Next two books by Edmund Crispin. I’ve read reviews of his books, so when I saw these two I decided to see for myself what they are like. The Case of the Gilded Fly, Crispin’s first novel, contains the first appearance of eccentric amateur detective Gervase Fen, Professor of English Language and Literature in the University of Oxford. It’s a locked-room mystery, written while Crispin was an undergraduate at Oxford and first published in the UK in 1944.

And Buried for Pleasure, in which Gervase Fen is running for parliament and he finds himself ‘in a tangled tale of lost heirs, eccentric psychiatrists, beautiful women and vengeful poisoners.’

And last but not least I found this hardback copy of a Daphne du Maurier novel – Rule Britannia. First published in 1972 in this novel the UK has withdrawn from the Common Market (as it was then called) and has formed an alliance with the United States – supposed to be an equal partnership but it looks to some people like a takeover bid. Rather prescient of Daphne du Maurier, I wonder …

Mary Barton by Elizabeth Gaskell

Mary Barton Gaskell

Mary Barton: A Tale of Manchester Life by Elizabeth Gaskell was my Classics Club Spin book for September and October. It was her first novel, published in two volumes in 1848, bringing her to the attention of Charles Dickens who was looking for contributors to his new periodical Household Words. It’s the third book of hers that I have read. It is a long book and begins slowly, developing the characters and building up to the main story.

It covers the years 1837 to 1842, a time that saw the growth of trade unions and of Chartism, of industrial city expansion and a time of extreme economic depression. The structure of society and social attitudes were changing with the growth of materialism and class antagonism. As people moved away from the countryside and into Manchester to work in the cotton mills, the city grew from 75,000 in 1800 to 400,000 in 1848 when Mary Barton was published, creating great wealth for the mill owners whilst the mill workers were housed in horrendous slums.

Mary Barton is the story of ordinary working people struggling with the rapid social change and terrible working and living conditions. Mary is the daughter of John Barton, a mill worker and trade unionist. John is a hard worker, but he is determined that she should never work in a factory, so she works as an apprentice to a dressmaker and milliner. She is flattered by the attentions of Henry Carson, a mill owner’s son and believes he will marry he and that she will live in luxury and she spurns Jem Wilson, her childhood friend, only later realising that it is him she loves.

However, work for the factory dries up and it closes down. The workers are desperate and John becomes an active trade unionist and a Chartist. (Gaskell gives a detailed picture of the Chartist Movement and their demands for political reform.) Eventually he turns to opium to relieve his situation. Things go from bad to worse – Henry is murdered and suspicion falls on Jem. Mary realises the mistakes she had made and that it is Jem that she loves, and when her efforts to prove his innocence lead her to suspect the real culprit, she is left with a terrible dilemma.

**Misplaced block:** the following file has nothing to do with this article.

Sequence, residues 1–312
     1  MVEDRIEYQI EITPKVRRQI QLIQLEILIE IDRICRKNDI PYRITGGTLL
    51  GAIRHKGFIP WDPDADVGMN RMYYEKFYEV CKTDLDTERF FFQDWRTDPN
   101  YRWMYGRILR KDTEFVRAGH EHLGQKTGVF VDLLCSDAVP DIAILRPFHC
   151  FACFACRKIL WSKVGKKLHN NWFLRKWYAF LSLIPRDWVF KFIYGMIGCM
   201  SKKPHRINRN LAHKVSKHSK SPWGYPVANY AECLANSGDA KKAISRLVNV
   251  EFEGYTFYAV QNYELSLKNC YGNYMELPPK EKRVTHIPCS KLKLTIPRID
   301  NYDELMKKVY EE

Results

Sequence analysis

I have only just touched the surface of this novel and there are many strands that I have left out. There is a mystery surrounding the disappearance of Mary’s Aunt Esther, the story of Mary’s friend Margaret, who is slowly going blind, and her grandfather, Job, Jem’s mother and his Aunt Alice country women who came to Manchester to work, a factory fire and the illnesses and diseases that were endemic at the time, amongst others. It is a touch melodramatic in parts and does include quite lengthy rhetorical passages and commentary in Gaskell’s own voice as narrator. But on the whole her style is clear and detailed giving a sense of reality. It is a powerful novel, a love story, as well as a tragedy, presenting a moving picture of the lives of working people in the middle of the nineteenth century.

3.5*

As well as being my Classics Club Spin book, Mary Barton is also one of my TBRs so it qualifies for Bev’s Mount TBR Reading Challenge.

The Classics Club Spin Result

Classics Club

The spin number in The Classics Club Spin was announced yesterday. It’s number …

5

which for me is Mary Barton by Elizabeth Gaskell. The rules of the Spin are that this is the book for me to read by October 31, 2019.

Mary Barton

 

I’ve read some of Elizabeth Gaskell’s books and enjoyed them. This is her first book, set in Manchester between 1839 and 1842.

Here’s the blurb from Amazon:

Mary Barton, the daughter of disillusioned trade unionist, rejects her working-class lover Jem Wilson in the hope of marrying Henry Carson, the mill owner’s son, and making a better life for herself and her father. But when Henry is shot down in the street and Jem becomes the main suspect, Mary finds herself painfully torn between the two men. Through Mary’s dilemma, and the moving portrayal of her father, the embittered and courageous Chartist agitator John Barton, Mary Barton powerfully dramatizes the class divides of the ‘hungry forties’ as personal tragedy. In its social and political setting, it looks towards Elizabeth Gaskell’s great novels of the industrial revolution, in particular North and South.